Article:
Bio 102 notes- Ch 40,41,42

Bio 102 notes- Ch 40,41,42 - Neural Signaling Chapter 40...

Info iconThis preview shows pages 1–3. Sign up to view the full content.

View Full Document Right Arrow Icon
Neural Signaling Chapter 40 Learning Objective 1 Describe the processes involved in neural signaling: reception, transmission, integration, and action by effectors Response to Stimulus (Fig 40-1) KEY CONCEPTS Neural signaling involves reception, transmission, integration, and action by effectors Now known that neurogenesis occurs regularly in at least several regions of the adult mammalian brain Learning Objective 2 What is the structure of a typical neuron? Give the function of each of its parts Neurons Specialized to receive stimuli transmit electrical and chemical signals Via nerve impulses or action potentials Cell body contains nucleus and organelles Largest part of the neuron Integrates incoming signals Axons A single long axon extends from neuron cell body forms branches (axon collaterals) Axons 1 Transmits signals Away from the cell body to another neuron, muscle or gland At end forms into terminal branches which end in synaptic terminals Release neurotransmitters Junction between synaptic terminal and another neuron (or effector) is a synapse Axon Structure 1 Schwann cells Surround the axons of many neurons in PNS These glial cells form the myelin sheath Myelin sheath surrounds and insulates many axons Composed of myelin – white fatty substance deposited in the plasma membranes
Background image of page 1

Info iconThis preview has intentionally blurred sections. Sign up to view the full version.

View Full DocumentRight Arrow Icon
Axon Structure 2 In the CNS sheath is formed by other glial cells Nodes of Ranvier gaps in sheath between successive Schwann cells Axon is not insulated with myelin at these points When 2um or more in diameter – myelinated Less than 2um - demyelinated Neuron Structure Fig 40-2 Nerves and Ganglia in the PNS, CNS Nerve several hundred axons wrapped in connective tissue in PNS Tracts/Pathways Bundles of axons within the CNS Nerve Structure Fig 40-3 Learning Objective 3 Name the main types of glial cells Describe the functions of each Glial Cells Support and nourish neurons Make up the neuroglia Are important in neural communication Carry out major regulatory functions 90% of the cells in the human CNS Four main types: astrocytes, microglia, oligodendrocytes and ependymal cells, table 40-1 Glial Cell Types 1 Astrocytes Star shaped physically support neurons, and provide nutrient regulate extracellular fluid in CNS (by taking up excess potassium ions and maintaining normal neuron excitability) communicate with one another (and with neurons) via chemical signals induce and stabilize synapses in the brain Astrocytes 2 In response to astrocytes, endothelial cells in the brain form tight junctions preventing substances in the blood from penetrating brain tissue Called the blood –brain barrier Guide neurons to appropriate locations in the body Induce synapse formation and strengthen their activity Can function as stem cells in brain and spinal cord New neurons, astrocytes, other glial cells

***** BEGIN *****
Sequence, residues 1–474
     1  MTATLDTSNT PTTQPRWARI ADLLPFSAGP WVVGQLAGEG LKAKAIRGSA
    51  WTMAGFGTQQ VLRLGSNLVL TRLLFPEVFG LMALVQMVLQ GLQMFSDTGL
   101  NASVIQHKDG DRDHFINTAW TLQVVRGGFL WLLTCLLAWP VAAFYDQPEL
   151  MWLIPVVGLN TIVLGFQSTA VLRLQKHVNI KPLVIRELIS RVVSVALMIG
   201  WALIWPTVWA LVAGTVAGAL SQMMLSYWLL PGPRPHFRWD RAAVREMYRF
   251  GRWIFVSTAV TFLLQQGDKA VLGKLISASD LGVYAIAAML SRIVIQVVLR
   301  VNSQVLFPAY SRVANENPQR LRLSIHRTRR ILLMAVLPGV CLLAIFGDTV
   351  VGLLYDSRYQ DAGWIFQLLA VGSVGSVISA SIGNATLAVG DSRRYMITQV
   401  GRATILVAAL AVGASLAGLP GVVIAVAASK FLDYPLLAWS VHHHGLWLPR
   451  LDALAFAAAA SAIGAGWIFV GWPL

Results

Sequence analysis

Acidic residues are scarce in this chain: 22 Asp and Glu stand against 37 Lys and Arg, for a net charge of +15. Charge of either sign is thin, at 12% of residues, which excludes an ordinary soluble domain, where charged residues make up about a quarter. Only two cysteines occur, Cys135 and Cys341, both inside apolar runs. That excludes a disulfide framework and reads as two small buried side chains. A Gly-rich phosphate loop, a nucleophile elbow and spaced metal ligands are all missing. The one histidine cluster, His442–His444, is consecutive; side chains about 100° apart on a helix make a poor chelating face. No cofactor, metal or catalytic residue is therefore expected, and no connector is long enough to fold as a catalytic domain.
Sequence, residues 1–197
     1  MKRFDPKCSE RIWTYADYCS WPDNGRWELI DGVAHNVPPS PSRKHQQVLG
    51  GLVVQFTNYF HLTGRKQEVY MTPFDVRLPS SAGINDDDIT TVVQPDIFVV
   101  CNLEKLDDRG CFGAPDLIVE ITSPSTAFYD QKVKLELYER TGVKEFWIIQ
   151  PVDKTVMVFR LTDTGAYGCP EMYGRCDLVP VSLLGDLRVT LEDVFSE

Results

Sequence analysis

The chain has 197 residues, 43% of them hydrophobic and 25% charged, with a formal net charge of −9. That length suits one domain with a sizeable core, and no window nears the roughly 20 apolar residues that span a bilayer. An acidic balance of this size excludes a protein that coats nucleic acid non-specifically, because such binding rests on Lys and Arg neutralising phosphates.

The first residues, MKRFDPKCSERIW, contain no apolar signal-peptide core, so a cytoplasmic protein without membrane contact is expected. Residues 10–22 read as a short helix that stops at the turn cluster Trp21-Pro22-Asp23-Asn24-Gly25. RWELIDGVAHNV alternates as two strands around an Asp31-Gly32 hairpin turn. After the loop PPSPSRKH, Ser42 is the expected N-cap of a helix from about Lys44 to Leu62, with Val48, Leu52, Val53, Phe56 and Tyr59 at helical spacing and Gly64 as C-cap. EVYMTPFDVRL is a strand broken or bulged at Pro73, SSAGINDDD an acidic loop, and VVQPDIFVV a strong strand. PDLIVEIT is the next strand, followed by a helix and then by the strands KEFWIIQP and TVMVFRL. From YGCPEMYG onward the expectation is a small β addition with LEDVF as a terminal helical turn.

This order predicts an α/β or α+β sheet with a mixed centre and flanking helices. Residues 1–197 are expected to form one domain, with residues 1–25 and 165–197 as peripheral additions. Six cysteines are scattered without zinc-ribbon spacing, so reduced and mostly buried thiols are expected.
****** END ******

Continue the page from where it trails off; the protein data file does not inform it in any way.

Background image of page 2
Image of page 3
This is the end of the preview. Sign up to access the rest of the document.

This note was uploaded on 10/08/2010 for the course BIO 380 taught by Professor Martin during the Spring '10 term at Rutgers.

Page1 / 26

Bio 102 notes- Ch 40,41,42 - Neural Signaling Chapter 40...

This preview shows document pages 1 - 3. Sign up to view the full document.

View Full Document Right Arrow Icon
Ask a homework question - tutors are online